700 gr flour
300 ge semolina flour
12 egg yolk
For the cacciatora sauce:
500 gr tinned tomatoes blended
100 gr celery
100 gr carrots
100 gr onions
100 gr extra virgin olive oil
50 gr pitted taggiasca olives
500 gr diced chicken legs
300 gr white wine
300 gr remouillage
3 gr rosemary
3 gr sage
Salt and pepper
For the filling:
Boil the potatoes, peel and mash them, Add salmoriglio oil, parmesan and double cream, adjust with salt and pepper
For the pasta dough:
Make the pasta dough in the traditional way by mixing all the ingredients and resting for at least four hours.
For the cacciatora sauce:
Trim celery, carrots and onion, peel the garlic and cut it on half, cut the vegetables in small dice
On a medium sauce pan, reheat the oil, sauté all the vegetables with the garlic and the bouquet garni (rosemary and sage).
In a separate saucepan, sauté the diced chicken leg meat until golden, add to the vegetables and cook for a couple of minutes.
Then stir in the white wine, leave to reduce and add the tomato, remouillage and chopper taggiasca olives.
Prepare the ravioli, making sure the pasta is as thin as possible, blanch them in salty boiling water, drain and sauté with the sauce, add parmesan, freshly chopped parsley, season with salt and pepper.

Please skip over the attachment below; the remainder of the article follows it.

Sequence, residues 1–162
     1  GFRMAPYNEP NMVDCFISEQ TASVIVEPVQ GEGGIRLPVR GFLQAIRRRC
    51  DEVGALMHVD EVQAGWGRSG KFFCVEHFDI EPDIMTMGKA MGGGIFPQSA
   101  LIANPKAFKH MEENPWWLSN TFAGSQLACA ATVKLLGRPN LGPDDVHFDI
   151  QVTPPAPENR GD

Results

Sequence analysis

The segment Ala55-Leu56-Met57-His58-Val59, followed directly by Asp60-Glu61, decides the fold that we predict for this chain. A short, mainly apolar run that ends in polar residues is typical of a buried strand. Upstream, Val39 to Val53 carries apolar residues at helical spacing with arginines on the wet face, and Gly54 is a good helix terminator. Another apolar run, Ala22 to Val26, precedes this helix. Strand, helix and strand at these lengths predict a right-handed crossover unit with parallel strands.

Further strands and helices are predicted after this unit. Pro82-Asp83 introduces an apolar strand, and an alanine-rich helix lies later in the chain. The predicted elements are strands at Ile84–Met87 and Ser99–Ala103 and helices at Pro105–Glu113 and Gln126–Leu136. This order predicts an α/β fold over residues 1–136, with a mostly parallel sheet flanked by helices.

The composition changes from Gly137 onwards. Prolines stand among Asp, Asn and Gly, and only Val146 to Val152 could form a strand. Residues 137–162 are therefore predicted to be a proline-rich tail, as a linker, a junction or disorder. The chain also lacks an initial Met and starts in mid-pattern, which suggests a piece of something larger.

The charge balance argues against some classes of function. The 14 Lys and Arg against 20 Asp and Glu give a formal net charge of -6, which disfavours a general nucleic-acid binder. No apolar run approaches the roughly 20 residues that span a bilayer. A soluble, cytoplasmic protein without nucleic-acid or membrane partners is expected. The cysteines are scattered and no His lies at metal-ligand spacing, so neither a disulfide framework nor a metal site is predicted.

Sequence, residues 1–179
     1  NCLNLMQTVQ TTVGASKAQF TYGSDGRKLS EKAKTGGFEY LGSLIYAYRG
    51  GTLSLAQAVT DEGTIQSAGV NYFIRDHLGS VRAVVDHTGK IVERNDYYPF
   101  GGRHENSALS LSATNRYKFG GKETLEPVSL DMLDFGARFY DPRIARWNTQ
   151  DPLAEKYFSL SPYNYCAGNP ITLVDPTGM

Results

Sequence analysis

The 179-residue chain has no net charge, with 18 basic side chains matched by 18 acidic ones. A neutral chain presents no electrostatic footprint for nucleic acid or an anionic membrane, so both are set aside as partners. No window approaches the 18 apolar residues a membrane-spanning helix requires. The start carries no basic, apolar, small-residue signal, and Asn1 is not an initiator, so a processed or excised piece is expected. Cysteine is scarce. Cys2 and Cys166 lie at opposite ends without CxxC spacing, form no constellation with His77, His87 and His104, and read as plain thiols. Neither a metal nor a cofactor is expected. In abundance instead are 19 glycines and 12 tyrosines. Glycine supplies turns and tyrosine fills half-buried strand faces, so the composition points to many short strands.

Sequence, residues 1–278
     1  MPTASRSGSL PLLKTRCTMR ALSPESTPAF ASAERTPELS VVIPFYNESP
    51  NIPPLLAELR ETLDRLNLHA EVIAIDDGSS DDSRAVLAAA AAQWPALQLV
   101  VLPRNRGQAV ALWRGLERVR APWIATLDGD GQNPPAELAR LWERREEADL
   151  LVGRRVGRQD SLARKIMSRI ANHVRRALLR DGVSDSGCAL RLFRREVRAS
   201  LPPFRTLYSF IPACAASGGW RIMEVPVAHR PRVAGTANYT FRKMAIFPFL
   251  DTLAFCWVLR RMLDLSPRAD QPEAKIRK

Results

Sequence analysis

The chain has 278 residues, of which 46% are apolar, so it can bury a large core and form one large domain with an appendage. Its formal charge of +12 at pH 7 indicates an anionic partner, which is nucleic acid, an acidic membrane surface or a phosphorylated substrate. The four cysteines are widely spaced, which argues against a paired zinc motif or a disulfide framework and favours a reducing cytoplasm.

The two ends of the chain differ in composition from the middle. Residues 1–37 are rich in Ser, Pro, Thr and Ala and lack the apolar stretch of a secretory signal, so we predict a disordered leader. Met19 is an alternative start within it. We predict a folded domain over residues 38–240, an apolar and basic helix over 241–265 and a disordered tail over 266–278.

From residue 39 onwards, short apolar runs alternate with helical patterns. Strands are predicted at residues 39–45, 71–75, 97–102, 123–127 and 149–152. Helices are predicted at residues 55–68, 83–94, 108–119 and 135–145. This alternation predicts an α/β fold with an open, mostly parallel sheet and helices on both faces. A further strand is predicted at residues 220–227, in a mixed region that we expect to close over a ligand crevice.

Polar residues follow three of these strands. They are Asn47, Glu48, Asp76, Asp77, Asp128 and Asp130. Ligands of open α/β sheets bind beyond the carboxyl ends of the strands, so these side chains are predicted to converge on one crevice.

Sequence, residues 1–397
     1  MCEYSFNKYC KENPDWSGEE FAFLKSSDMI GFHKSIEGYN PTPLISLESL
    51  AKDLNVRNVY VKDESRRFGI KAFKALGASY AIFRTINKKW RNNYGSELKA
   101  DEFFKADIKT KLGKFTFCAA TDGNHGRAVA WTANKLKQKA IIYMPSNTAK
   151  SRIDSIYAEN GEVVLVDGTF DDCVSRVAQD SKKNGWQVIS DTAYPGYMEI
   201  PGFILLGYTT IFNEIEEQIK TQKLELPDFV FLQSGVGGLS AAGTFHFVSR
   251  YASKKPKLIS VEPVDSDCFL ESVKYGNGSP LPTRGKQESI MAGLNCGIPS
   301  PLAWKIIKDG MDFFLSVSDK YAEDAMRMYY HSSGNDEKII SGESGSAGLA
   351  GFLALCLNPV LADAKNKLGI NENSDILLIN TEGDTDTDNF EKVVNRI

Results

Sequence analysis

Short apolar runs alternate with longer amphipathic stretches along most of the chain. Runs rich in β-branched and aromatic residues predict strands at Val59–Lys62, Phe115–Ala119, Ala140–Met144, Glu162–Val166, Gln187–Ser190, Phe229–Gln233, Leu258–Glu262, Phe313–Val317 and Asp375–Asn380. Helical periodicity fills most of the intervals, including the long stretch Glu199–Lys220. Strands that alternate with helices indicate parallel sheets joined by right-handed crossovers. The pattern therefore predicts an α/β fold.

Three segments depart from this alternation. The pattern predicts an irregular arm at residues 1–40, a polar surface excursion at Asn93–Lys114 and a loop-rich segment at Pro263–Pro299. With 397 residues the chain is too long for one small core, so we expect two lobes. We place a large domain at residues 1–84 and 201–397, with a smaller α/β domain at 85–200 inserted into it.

More information here: www.fourseasons.com/canarywharf
I spent less than 24 hours at the beautiful Four Seasons Hotel in Hampshire, but my mini-break here felt like a week long holiday. This restored Georgian manor house an hour outside London is easily the most homely of the Four Seasons I have stayed at, blissfully blending English country living with 21st century modernity.
Driving up the bumpy driveway, the epic building looked like a palace ahead of us… impressive in size but utterly charming in character. Comprising of several different wings, it can be difficult to navigate your way around, although the obliging staff are more than happy to assist, escorting you back to your room, or elsewhere on site. There is an abundance of fun, exciting and indulgent things to do at Four Seasons Hampshire, suitable for all the family. There are a few activities I would particularly recommend: